Natural Wanderment: Stewardship. Sovereignty. Sacredness.

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Natural Wanderment: Stewardship. Sovereignty. Sacredness.

January 18 – March 8, 2024

808 Gallery

Boston University Arts Initiative, in partnership with Boston University Art Galleries, presented a special exhibition at 808 Gallery in spring 2024: Natural Wanderment: Stewardship. Sovereignty. Sacredness., which is part of the expansive Project 562Changing the Way We See Native America. The book by the same name was published in April 2023, and instantly became a New York Times Best Seller.

Created by acclaimed visual artist and social documentarian Matika Wilbur, who is from the Tulalip & Swinomish Tribes, Project 562 is a bold creative expedition to collaborate with each of the 562-plus sovereign Native American nations in the United States in their own territories for superb photographic portraits and compelling narratives of contemporary Native American identity. Over the course of producing Project 562, Wilbur traveled through all 50 states, from Seminole country, now known as the Everglades in South Florida, to Inuit territory, now known as the Bering Sea in Alaska. By her estimation, she photographed some 1200 people, personally visiting about 400 different tribes. This creative, consciousness-shifting work is now distributed as curricula in partnership with the National Education Association: “A Visual Leaning Guide to Transform, Indigenize & Decolonize,” in her 416 page book published by Ten Speed Press, at various exhibitions around the world, through her podcast All My Relations, and at

Matika Wilbur, a member of the Swinomish and Tulalip nations
Matika Wilbur, a member of the Swinomish and Tulalip nations, lives in Washington. In addition to her photography, she is the cohost of All My Relations, a podcast exploring Native American relationships and representation. Photo courtesy of Matika Wilbur

Wilbur’s goal is to unveil the dynamic identity, consciousness, and expression of the numerous distinct indigenous peoples of the nation, especially the positivity of Tribal existence. “I look for our heroes and we have them – they walk among us,” says Wilbur, whose mission includes producing vital “healing imagery” so desperately needed by Native American youths while fostering intense visibility and interconnectedness among Native peoples. Wilbur’s innovative artistry in documenting the peoples and stories of Project 562 has enjoyed tremendous national and international success and appeal, with multifaceted, passionate support to build cultural bridges, abolish stereotypes, and renew and inspire a national legacy.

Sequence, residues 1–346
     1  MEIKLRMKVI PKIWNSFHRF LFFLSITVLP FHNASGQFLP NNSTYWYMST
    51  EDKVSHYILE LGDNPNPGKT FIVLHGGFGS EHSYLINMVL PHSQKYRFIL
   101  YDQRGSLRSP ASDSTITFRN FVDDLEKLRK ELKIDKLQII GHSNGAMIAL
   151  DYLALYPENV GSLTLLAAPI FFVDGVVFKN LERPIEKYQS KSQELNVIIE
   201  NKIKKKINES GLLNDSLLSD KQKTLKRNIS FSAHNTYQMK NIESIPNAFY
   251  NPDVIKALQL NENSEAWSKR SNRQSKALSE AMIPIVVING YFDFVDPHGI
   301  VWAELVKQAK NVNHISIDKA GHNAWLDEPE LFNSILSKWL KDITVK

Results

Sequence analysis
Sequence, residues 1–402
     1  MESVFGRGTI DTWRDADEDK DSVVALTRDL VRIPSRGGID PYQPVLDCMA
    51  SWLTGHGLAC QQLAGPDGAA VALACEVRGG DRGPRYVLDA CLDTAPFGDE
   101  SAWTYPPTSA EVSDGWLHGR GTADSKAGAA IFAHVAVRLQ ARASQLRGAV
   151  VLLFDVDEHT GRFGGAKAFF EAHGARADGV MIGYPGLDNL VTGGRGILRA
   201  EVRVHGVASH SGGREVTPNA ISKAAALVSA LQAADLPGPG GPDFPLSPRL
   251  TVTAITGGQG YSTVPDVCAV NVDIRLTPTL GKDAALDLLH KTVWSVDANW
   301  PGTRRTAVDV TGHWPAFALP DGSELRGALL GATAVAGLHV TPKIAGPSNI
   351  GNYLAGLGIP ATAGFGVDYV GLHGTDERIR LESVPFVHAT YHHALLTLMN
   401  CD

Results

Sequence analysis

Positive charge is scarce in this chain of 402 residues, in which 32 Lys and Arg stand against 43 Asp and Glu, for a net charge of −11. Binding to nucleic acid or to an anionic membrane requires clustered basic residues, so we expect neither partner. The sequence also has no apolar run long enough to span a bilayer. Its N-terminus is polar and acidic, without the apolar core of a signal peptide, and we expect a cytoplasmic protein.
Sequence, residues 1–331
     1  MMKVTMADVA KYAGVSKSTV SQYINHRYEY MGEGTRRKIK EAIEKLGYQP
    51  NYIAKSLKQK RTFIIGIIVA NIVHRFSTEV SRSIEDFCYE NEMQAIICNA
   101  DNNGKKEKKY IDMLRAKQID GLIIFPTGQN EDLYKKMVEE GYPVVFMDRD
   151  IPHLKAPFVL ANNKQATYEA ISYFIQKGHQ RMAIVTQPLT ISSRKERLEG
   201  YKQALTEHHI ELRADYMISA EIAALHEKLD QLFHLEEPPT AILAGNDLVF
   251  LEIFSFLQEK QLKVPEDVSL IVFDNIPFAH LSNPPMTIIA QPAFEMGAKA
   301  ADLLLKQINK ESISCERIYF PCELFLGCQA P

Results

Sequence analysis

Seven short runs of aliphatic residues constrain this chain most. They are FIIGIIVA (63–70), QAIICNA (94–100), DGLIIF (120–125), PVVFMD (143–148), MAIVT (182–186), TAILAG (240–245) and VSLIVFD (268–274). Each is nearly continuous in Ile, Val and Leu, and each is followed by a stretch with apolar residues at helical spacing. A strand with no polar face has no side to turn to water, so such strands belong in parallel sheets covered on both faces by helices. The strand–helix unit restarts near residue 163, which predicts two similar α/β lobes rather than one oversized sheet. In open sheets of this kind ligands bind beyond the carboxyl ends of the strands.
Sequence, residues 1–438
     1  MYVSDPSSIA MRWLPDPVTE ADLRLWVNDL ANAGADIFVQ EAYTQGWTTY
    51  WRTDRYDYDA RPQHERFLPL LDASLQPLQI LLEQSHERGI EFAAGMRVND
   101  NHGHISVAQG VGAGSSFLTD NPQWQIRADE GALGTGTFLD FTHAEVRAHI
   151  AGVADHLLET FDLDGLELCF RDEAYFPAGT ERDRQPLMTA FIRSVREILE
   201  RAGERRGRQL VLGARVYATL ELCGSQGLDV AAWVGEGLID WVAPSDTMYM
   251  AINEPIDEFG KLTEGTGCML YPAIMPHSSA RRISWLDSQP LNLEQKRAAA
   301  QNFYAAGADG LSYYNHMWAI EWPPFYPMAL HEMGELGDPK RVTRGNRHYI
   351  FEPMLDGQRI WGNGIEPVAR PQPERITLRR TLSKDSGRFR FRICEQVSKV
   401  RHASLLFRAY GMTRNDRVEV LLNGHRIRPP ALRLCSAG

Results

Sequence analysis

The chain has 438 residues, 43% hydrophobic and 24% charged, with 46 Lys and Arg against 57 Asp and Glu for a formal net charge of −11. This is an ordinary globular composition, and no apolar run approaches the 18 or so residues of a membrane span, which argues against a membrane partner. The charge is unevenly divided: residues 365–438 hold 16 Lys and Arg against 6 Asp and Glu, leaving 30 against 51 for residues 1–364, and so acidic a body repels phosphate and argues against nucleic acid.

Natural Wanderment: Stewardship. Sovereignty. Sacredness. is based on perhaps the most important truth Wilbur has discovered in her journey to date: that ancestral land is the basis of Native American identity. “I have had to experience for myself the incredible range of homelands of tribal nations, to interact with peoples in their ancient territories to grasp how the connection to natural places makes us who we are.”

Despite western ideologies and systems that undermine this living truth, reflects Wilbur, there remain the “people of the blue green water,” the “people of the tall pine trees,” the “people of the tide.” Wilbur’s portrait art expresses the “ecological being” of sitters, imbuing these images and narratives with the aspiration and force of the original stewards of the land, which is crucial to not only the sovereignty and dignity of Native Americans, but also the preservation and majesty of the natural world.

This special show is being offered at this juncture to share these people’s vital work and understanding and to explore the extraordinary landscapes of Native America.

Starflower Montoya of the Digueno and Taos Pueblo indigenous tribe is pictured in a traditional Taos manta dress as she makes a yearly pilgrimage to Blue Lake, a key tradition of her tribe. The photo, taken by Matika Wilbur, is part of an exhibition at the 808 Gallery called Natural Wanderment: Stewardship. Sovereignty. Sacredness. that aims to capture stories Native American stories from ALl across the United States. Photo captured January 20 by Julian Massari (ENG'26).

Celebrating Native American Tribal Nations: Photography Exhibition at 808 Gallery

Natural Wanderment: Stewardship. Sovereignty. Sacredness, on view at the 808 Gallery through March 8, examines Native American relationships to land, spirituality, and the ongoing fight for sovereignty. Photo by Julian Massari (ENG’26)

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Photos by Tom Tranfaglia

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